Also, the combined company will have improved network capabilities, creating a “world-class enterprise player with approximately $19 billion in pro forma business revenue and $13 billion in business strategic revenue, for the trailing 12 months ended June 30, 2016,” according to CenturyLink. Together, the companies’ revenue will be 76 percent derived from business customers, and 65 percent of the core revenue will be from strategic services.

At least one top analyst says the acquisition provides reasons for optimism in the channel.

“For channel partners, a combined CenturyLink and Level 3 ultimately means …


… one less partner to choose from when recommending the right partner for their customers,” Frost & Sullivan analyst Michael Brandenburg told us. “At the same time, the acquisition will expand the depth and breadth of CenturyLink’s offerings, achieving some parity with its competitors. When complete, CenturyLink will likely be a more frequent option for the channel and agents.”

Brandenburg says to keep an eye on what CenturyLink does with Level 3’s voice and security services.

“Level 3 has always been laser-focused on the higher end enterprise customer, and as such, its value-added services, like Voice Complete, were tailored to match the specific needs of that market,” he said. “Channel partners, particularly those that catered to the midsize and enterprise customers, will have to be mindful on CenturyLink’s road map as they rationalize their service offerings.”

“This is a compelling transaction for our customers, shareholders and employees,” said Jeff Storey, Level 3’s president and CEO. “In addition to the substantial value delivered to shareholders, the combined company will be uniquely positioned to meet the evolving and global needs of enterprise customers.”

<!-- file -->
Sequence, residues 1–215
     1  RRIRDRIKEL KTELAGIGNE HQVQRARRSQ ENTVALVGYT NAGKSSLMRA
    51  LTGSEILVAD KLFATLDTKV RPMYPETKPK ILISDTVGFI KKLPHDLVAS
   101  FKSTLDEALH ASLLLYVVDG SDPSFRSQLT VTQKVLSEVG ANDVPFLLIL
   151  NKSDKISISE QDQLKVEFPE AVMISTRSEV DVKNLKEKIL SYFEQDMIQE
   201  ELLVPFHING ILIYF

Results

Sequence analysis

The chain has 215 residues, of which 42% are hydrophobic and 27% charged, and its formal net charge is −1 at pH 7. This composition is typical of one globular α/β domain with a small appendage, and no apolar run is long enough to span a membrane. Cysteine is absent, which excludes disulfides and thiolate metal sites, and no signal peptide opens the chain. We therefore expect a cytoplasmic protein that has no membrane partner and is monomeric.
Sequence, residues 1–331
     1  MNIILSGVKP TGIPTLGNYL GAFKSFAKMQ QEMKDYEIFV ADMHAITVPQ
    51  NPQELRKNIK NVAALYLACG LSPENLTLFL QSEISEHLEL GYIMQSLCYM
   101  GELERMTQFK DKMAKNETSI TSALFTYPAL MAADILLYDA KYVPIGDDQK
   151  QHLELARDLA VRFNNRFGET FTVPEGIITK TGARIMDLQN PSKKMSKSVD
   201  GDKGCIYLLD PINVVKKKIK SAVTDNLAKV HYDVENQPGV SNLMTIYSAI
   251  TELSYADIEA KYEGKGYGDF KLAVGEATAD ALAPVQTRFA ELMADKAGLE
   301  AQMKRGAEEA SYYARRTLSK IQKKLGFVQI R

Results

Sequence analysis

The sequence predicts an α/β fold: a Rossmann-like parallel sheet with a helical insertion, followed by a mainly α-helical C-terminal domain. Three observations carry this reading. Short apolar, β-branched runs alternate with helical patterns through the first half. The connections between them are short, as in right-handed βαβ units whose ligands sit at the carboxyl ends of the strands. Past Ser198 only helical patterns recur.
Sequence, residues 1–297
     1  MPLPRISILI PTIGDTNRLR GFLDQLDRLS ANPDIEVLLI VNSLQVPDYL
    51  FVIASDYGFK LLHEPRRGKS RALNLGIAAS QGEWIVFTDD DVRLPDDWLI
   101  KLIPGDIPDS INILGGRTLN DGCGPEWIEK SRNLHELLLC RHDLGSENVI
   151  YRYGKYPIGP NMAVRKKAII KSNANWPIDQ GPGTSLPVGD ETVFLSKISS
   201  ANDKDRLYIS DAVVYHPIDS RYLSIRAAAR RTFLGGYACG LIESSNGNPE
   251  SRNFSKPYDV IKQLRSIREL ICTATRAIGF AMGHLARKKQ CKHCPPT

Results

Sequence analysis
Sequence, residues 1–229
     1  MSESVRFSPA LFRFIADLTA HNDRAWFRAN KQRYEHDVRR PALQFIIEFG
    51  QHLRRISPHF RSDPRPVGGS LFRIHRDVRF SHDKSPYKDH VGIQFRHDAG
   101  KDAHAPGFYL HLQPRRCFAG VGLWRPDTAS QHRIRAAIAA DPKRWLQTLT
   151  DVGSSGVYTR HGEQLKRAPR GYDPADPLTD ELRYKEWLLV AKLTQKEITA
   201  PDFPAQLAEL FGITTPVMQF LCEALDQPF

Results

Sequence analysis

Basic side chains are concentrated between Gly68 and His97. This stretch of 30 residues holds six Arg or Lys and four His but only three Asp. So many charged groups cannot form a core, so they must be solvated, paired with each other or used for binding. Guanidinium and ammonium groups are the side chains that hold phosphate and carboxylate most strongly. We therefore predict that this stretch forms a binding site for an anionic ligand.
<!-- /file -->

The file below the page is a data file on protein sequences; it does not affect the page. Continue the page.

Level 3 referred further comment to CenturyLink.

After the deal closes, Post will continue to serve as president and CEO, and Sunit Patel, Level 3’s executive vice president and CFO, will serve as the combined company’s CFO.

Also Monday, both companies reported their third-quarter earnings. CenturyLink reported a nearly 26 percent decrease in profit compared to the year-ago quarter, from $205 million to $152 million, and a 3.8 percent decrease in operating revenues, from $4.55 billion to $4.38 billion.

CenturyLink’s business-segment revenue was $2.61 billion, an approximately 1 percent decline from the year-ago quarter, primarily due to a decline in legacy revenue, which was partially offset by 6 percent growth in high-bandwidth data services sales.

Wells Fargo analyst Jennifer Fritzsche said CenturyLink’s Q3 results were “largely in line with to slightly better than expectations,” but its fourth quarter outlook was light and implies a “miss” to its fiscal year 2016 guidance.

Level 3 reported $143 million in profit, up from just $1 million for the year-ago quarter, and $2.03 billion in revenue, down from $2.06 billion. Core network services revenue totaled $1.93 billion in the third quarter, down from $1.94 billion from a year ago.

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About the Author(s)

Edward Gately

Senior News Editor, Channel Futures

As news editor, Edward Gately covers cybersecurity, new channel programs and program changes, M&A and other IT channel trends. Prior to Informa, he spent 26 years as a newspaper journalist in Texas, Louisiana and Arizona.